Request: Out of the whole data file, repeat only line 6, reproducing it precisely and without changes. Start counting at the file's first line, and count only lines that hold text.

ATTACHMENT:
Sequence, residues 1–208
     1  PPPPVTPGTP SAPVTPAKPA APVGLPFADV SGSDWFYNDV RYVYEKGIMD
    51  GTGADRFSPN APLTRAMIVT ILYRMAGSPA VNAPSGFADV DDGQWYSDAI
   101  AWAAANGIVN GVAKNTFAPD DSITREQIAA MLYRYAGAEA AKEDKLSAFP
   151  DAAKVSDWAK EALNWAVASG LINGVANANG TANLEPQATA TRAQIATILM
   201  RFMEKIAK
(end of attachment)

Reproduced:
   201  RFMEKIAK